Research Area Vehicle Intelligence & Automated Driving

Fields of Activity

  • Design and development of driver assistance systems
  • Test and certification of systems and components of driver assistance
  • Human-Machine Interaction
  • Vehicle-oriented traffic simulation
  • Development of simulation methods and tools
  • Analysis and modelling of driver behaviour

General information

Since the construction of the first automobile more than one hundred years ago, vehicle technology has increasingly been further developed and perfected. Today, the automobile is recognized as an integral part of the complete system of driver, environment and traffic. Strict noise- and pollutant-emission limits as well as the ever-increasing traffic density necessitate new concepts and methods for the vehicle and traffic of the future. These concepts and methods must find ways to solve the conflict between demand for increasing mobility and the call for the lowest possible accident rates and environmental impact. The driver assistance department takes on these challenges in research and development.

In the driver assistance department new vehicle technologies are researched and developed in their own surroundings. The department's primary goals are the research and analysis of new systems from the area of driver assistance and active safety. New technologies are evaluated with respect to their potential to improve traffic safety, to reduce pollutant- and CO2-emissions, to increase driving comfort and to improve traffic flow. In the past, examples of achieved projects have included:

  • Series development of ACC for commercial vehicles and safety systems built on it
  • ACC Stop&Go und lane keeping controller
  • Algorithms for collision mitigation and collision avoidance
  • Forward-looking powertrain control for conventional and hybrid propulsion concepts
  • Communications-based traffic assistance
  • Development of a communications-based intersection assistants
  • Lane-change assistance
  • Semi-autonomous parking assistance
  • Construction of test vehicles and prototypes

One problem in this area of work is the analysis and testing of new vehicle systems and sensors in testing. One test procedure was developed for the automobile industry that allows the contact-free measurement of separation distance and evaluation of speed difference using different sensor concepts. The test procedure coveres both road tests in moving traffic on the motorway as well as stationary tests on a test track and in reproducible weather conditions. For this, a special test suite was developed, consisting of mechanical and electronic devices as well as standardized targets for the distance measurement. For assistance systems, systematic test procedures were developed that permittes both an objective and a subjective assessment of the system. Throughout the process, the extensive experience of the department was relied on. The following is a summary of available test procedures:

  • Standard test for environment sensors of European vehicle and sensor manufacturer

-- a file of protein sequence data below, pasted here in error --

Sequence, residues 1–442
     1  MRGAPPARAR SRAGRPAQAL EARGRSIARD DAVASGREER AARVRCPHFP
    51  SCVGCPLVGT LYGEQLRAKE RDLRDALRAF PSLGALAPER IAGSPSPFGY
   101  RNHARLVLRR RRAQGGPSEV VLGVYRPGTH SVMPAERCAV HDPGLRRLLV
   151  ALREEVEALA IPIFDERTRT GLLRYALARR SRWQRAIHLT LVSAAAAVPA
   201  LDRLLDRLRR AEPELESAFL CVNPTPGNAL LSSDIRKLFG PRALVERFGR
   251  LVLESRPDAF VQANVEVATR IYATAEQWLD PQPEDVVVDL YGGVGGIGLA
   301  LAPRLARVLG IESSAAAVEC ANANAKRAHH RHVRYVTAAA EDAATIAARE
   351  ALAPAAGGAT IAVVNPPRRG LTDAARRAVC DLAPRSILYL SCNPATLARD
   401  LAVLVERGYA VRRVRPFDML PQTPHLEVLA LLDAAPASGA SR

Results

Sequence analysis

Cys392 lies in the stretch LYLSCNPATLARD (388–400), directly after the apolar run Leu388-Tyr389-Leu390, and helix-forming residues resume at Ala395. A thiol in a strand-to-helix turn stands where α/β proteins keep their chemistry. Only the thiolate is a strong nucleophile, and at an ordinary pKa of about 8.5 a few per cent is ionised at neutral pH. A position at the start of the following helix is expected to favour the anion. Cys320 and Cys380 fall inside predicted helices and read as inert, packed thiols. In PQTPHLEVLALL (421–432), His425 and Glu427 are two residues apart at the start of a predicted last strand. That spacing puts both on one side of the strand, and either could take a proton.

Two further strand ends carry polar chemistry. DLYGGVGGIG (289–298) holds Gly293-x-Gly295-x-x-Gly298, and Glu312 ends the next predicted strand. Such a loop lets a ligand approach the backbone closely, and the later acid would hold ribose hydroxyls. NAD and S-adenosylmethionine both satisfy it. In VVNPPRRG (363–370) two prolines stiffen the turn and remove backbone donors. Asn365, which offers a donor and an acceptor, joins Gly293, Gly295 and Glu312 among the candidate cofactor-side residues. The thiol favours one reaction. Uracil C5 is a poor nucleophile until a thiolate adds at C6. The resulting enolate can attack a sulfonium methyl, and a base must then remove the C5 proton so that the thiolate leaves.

• Standard test for ACC, ACC Stop&Go systems
  • Validated test procedures for pre-crash systems and active pedestrian protection
  • Standard tests for collision-warning systems
  • System tests for lane departure warning, traffic sign memory and ACC Stop&Go
  • Standard tests for camera-based high-beam assistants
  • Standard tests for radar and lidar sensors for pre-crash applications

In addition to road tests, simulation is an important tool for the development and assessment of driver assistance systems. Thus, the traffic flow simulation program PELOPS has been under development since 1990, in cooperation with BWW AG,. The program illustrates detailed the driver and vehicle in a realistic traffic environment. PELOPS was introduced within the framework of the European research program Prometheus for the analysis and development of telematic systems. Subsequently, PELOPS was drawn on for the development and analysis of driver assistance systems. Another usage of PELOPS involves the optimization of traffic flow as well as the decrease in fuel consumption through the adoption of driver assistance systems. Today, PELOPS is a powerful development tool to solve these types of problems. Through various interfaces, existing control algorithms in source code can be implemented exactly like control modules or even entire vehicles (Software- and Hardware-in-the-Loop). In the past, PELOPS has been licensed to diverse OEMs and suppliers.

The analysis and modeling of driver behavior is an important aspect for the understanding and layout of driver assistance systems. Therefore, methodologies for the compilation of driving behavior during road tests and in driving simulators has been developed. From this, a high-resolution driver model for the guidance level was made available. This was also developed in cooperation with BMW AG.

The driver assistance department develops complete systems, from the initial ideas to the final testing in the vehicle and futhermore offers support for system development to its customers.

Have a look at our research projects here.


Institute for Automotive Engineering (ika)
RWTH Aachen University

Steinbachstraße 7
52074 Aachen · Germany

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+49 241 80 25600
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